Top Arizona Streams And Creeks You Need to Visit

Consistently flowing streams in Arizona are valuable tributaries to larger and smaller Arizona rivers. Very few create lakes, but their flow can certainly end there. Their waters are so helpful to Arizona’s flowing rivers, which of course, along their way form lakes. So, what are the notable Arizona streams?

Babbling waters at Verde River.

Arizona Streams & Creeks

Carnero Creek

Carnero Creek is a smaller White Mountain stream, not a tributary to any Arizona river. A primary source is Carnero Spring, plus two others nearby.

All this enabled creation of Carnero Lake, a small basin suitable for trout fishing. The limit is 2. 

  • How to get there: from Eager, AZ260W, about 15 mi. right on FR117. Right on Fs117A. Then right on 2nd unnamed road & on another unnamed, to the lake.

Show Low Creek 

Beginning as Porter Creek out of Scott Reservoir, it adds 1.4 cu. Ft/sec mean flow to Show Low Lake. After that, egress through its bed into Silver Creek, then outlets at Little Colorado River.

Chevelon Creek

Adding four cu. Ft/sec average after flowing from Woods Canyon Creek at Willow Springs Canyon. Then adding flow to Chevelon Canyon Lake, near Winslow.

  • Great view of McLaws Road bridge.

Granite Creek

Sourced near Wolverton Mountain near Prescott. Parallels Hwy. 89 awhile.

Then into Watson Lake. Exiting there, flow measured at Granite Dells averages 1.06 cu. Ft/sec.

Downstream confluence with the Verde River.

Oak Creek

Oak creek.

Beautiful canyon & red rock areas for an awesome resource.

Headwaters in Pumphouse Wash meadows south of Flagstaff.

Finally merging with Verde River, it normally has 72/+ cu. Ft/sec. disgorge. Sedona is a prime area to see its waters.

Beaver Creek

Wet, as opposed to Dry!

Averaging flow into Verde River at Camp Verde of 7.6/+ cu. Ft/sec. Headwater at 6500′ in Coconino National Forest.

West Clear Creek

Headwaters west of Mahan Mountain, before Arizona National Scenic Trail.

Merging with Verde River, SE of Camp Verde. By then, averaging 19 cu. Ft/sec.

Parker Creek

Headwaters SW of Carr Peak in Tonto National Forest. Upstream flow averages 40 gal./min.

Downstream becomes Cottonwood Wash, exiting into Roosevelt Lake.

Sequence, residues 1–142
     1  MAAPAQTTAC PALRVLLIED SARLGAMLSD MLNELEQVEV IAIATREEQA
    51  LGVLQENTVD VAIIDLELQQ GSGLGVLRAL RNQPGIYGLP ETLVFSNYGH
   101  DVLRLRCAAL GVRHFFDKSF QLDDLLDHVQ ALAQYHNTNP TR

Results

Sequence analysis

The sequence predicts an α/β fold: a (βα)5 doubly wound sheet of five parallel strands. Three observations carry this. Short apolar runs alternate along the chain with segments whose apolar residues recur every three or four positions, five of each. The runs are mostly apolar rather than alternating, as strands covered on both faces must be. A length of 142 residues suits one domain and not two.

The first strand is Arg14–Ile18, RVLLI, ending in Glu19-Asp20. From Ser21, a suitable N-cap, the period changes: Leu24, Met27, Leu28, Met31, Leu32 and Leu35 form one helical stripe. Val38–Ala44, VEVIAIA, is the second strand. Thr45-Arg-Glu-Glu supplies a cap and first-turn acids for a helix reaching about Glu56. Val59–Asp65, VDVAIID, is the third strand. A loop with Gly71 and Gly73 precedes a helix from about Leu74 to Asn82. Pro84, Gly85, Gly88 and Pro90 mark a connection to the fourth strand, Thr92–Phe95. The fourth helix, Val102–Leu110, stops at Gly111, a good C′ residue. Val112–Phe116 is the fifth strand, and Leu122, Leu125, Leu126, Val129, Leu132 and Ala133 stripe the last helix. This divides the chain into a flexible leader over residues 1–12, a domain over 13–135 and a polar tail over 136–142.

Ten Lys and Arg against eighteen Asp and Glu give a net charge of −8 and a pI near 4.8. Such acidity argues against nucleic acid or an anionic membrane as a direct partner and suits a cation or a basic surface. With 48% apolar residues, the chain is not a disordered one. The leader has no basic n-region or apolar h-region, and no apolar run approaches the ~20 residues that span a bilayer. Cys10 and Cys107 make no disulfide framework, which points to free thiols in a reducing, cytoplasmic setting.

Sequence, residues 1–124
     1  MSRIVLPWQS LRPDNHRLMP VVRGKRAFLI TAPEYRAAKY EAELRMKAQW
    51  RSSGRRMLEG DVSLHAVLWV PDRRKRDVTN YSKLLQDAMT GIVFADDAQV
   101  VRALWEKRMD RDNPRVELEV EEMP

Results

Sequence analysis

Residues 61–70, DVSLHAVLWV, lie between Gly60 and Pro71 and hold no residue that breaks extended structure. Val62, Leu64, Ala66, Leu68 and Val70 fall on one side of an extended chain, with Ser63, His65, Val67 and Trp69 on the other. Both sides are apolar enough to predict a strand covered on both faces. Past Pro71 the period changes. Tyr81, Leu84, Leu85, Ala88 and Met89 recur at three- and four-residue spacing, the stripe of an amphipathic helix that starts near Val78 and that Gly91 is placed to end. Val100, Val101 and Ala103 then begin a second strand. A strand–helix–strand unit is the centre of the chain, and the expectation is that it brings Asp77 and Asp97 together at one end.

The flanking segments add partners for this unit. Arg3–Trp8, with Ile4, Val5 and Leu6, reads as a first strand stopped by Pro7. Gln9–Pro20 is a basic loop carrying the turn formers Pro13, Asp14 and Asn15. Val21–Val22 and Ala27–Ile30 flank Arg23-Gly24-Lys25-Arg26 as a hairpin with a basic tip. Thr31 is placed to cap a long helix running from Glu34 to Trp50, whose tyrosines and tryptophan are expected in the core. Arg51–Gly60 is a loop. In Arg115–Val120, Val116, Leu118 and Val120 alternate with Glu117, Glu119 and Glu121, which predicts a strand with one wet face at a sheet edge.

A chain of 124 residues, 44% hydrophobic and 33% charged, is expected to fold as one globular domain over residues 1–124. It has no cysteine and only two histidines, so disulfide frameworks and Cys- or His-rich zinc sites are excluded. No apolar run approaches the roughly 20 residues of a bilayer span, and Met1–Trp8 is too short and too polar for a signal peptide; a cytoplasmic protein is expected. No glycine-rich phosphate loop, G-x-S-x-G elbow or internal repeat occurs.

Tonto Creek

Sitgreaves National Forest headwaters flow through Hellsgate Wilderness & Tonto National Forest. Through frequent canyons.

  • There’s 22 cu—ft/sec. of average flow when arriving into Roosevelt Lake.

Aravaipa Creek

Sourced near 4500′ in Galiuro Wilderness. Gurgling slowly downhill to Aravaipa Canyon Wilderness, through scenic canyons & trails.

Winds its way out to Hwy.70 north of Tucson, above Mammoth, and westward into the San Pedro.

  • By then often dry. 
  • After Wilderness ends, mean output: 17 cu. Ft/sec.

Cave Creek

Upstream beginnings West of Blackjack Point/Cooks Mesa. Flow averages 0.49 cu. Ft/sec.

Downstream enters the Arizona Canal in Phoenix.

Blue River

Sourced from Campbell Blue Creek, at about 8000′ in Apache National Forest. Coleman, Castle & Turkey Creeks merge.

Then below Mother Hubbard Canyon, it becomes the Blue.

Several tributaries: Grant & KP, & more. Output averages 13 cu. Ft/sec., merging with the San Francisco River.

San Francisco River – Headwaters around 9000′ into Apache National Forest. Flowing East into New Mexico picks up Tularosa River waters.

Winds back into AZ, & the Blue River converges. Turns south through Clifton at two cu. Ft/sec., finally entering the Gila.

Bonita Creek

Headwaters about 6400′ elevation, then through San Carlos Reservation, until joining Gila River with 4 cu. ft/sec. mean flow.

San Carlos River

Headwater at Ash Creek.

Called San Carlos after the confluence with Natanes Creek. Elevations 4600′ down to 4300′ as it often forms Graham/Gila county border.

US Hwy.70 outflow averages 12 cu. ft/sec. Then intermittently drying up with farming, & desert terrain.

Agua Fria River

Headwaters about 5200′ elevation south of Hwy. 89A northeast of Prescott. Gurgling past Prescott Valley, then east of Dewey-Humboldt, under I-17 east of Cordes.

Then through Agua Fria National Monument, Black Canyon City & returning west of I-17. Volume throughout: 7 cu. Ft/sec.

  • Intermittent flow afterward into Lake Pleasant.

Babocomari River

Old West history there, with Tombstone Cowboys from the OK Corral.